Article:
If you like to plan, or if you don’t have a lot of writing time at your disposal, you may want to choose your theme before you write a single word. Any of the following eight approaches may help:
- If you have kept journals or done any writing, review your work looking for ideas or feelings that surface more than once. If you can’t find that, look for where the writing has energy.
- Make a list of significant events in your life. Look for common threads.
- Think of small, self-contained incidents that are vivid in your memory. If you still remember those incidents, it is because they contain a universal truth. There’s your theme. (William Zinsser, How to Write a Memoir)
- Write a page about why you want to write a memoir. If this helps to identify your audience, it may also lead to clarity about the story you want to tell. (Diane Taylor, The Gift of Memoir)
- Add a strong noun to a topic that interests you. Natalie Goldberg’s example is “the history of nuts.” As soon as the word ‘history’ is added, possibilities abound. Now, instead of just talking about enjoying cashews when you watch television, you might talk about nutty lovers you have known. (Natalie Goldberg, Old Friend from Far Away)
- Divide your life by decades or by ages and say what you wanted at each time in your life. Look for common themes. (Tristine Rainer, Your Life as Story)
- Make a list of conflicts in your life. Try to word them as pairs of opposed values or feelings, such as money/spirituality. Make a list of times when the conflict has shown up in your life. (Tristine Rainer, Your Life as Story)
- Use Smith’s algorithm — “this is an (x) and the illustration is (y).” It will help you remember that the theme is predominant and your specific story is an illustration of that theme.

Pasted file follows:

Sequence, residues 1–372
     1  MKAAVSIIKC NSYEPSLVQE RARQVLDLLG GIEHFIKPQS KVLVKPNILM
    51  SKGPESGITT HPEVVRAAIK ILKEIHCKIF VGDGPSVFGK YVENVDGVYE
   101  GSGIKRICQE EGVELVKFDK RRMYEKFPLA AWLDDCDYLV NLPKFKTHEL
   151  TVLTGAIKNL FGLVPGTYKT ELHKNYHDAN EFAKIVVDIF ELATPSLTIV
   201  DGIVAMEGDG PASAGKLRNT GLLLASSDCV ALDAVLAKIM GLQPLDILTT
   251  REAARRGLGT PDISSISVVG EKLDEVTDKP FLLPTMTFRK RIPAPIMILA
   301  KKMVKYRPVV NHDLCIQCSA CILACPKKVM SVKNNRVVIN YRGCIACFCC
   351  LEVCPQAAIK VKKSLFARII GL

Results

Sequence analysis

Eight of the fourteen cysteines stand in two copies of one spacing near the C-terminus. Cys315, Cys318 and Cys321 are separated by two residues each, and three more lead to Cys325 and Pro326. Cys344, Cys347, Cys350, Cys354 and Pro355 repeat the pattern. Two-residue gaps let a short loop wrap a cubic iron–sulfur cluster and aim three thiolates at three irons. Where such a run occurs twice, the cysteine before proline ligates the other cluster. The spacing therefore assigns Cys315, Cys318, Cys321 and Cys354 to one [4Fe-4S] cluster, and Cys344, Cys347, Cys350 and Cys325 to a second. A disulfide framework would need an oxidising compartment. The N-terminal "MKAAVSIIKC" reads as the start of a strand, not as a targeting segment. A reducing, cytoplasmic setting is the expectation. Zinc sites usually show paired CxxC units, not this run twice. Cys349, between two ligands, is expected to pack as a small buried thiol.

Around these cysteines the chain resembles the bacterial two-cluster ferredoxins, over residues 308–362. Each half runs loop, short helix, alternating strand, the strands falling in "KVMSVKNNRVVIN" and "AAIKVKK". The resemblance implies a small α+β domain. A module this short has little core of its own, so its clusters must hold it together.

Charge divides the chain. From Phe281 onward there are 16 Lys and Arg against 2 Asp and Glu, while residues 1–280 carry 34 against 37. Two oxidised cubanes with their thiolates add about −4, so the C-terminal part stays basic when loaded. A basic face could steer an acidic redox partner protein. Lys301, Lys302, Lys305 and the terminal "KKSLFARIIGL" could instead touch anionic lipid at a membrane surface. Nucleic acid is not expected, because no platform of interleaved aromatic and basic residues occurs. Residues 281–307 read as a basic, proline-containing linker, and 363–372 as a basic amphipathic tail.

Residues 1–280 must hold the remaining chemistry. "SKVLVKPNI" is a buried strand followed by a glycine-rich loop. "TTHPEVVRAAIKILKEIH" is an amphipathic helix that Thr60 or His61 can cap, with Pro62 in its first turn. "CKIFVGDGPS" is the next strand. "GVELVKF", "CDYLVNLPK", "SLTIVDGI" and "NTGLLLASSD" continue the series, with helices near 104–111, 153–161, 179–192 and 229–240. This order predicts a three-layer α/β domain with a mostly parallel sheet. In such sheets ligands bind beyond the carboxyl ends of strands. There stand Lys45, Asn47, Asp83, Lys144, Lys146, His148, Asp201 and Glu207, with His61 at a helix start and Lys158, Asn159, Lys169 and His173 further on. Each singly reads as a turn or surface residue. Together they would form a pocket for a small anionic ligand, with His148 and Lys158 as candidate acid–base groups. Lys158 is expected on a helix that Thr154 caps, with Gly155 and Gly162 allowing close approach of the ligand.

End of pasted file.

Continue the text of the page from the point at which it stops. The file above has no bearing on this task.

What is it you love and are willing to give to the page? It’s why we write memoir, not to immortalize but to surrender ourselves. It is our one great act of generosity.Natalie Goldberg
Getting to Theme via Winding Country Roads
While your readers will benefit enormously from your memoir you, the memoir writer, have the most to gain. The tremendous advantage of coming to understand the patterns of your life may be best realized if you have the time to take a slow, thoughtful meander towards a theme.
Simply write day after day for weeks and months on end. You can write about whatever memory is foremost in your mind, or you can write in response to a prompt. Smith suggests “I left…” as a great starter because as soon as you leave one thing for another, you’re changing. More prompts will be offered in next week’s How to Write a Memoir post.
When you have written for many weeks or months, look for patterns in your writing. William Zinsser says,
“They will tell you what’s primary and what’s secondary, what’s interesting and what’s not, what’s emotional, what’s important, what’s funny, what’s unusual, what’s worth pursuing and expanding. You’ll begin to glimpse your story’s narrative shape and the road you want to take.”
Zinsser concludes with, “Then all you have to do is put the pieces together.” Of course if it were that easy, everyone would be doing it! Still, Zinsser makes a good point, a point echoed by Tristine Rainer. She urges us to imagine our theme and our character arc as the string that holds together the pearls of our story–the scenes, images, details, and dialogue. We need that string, but once it’s there our focus is, appropriately, on the pearls.
Are you convinced that your memoir needs a theme? Which method of developing a theme would work best for you?
#3 – Why Your Memoir Needs a Theme and How to Choose One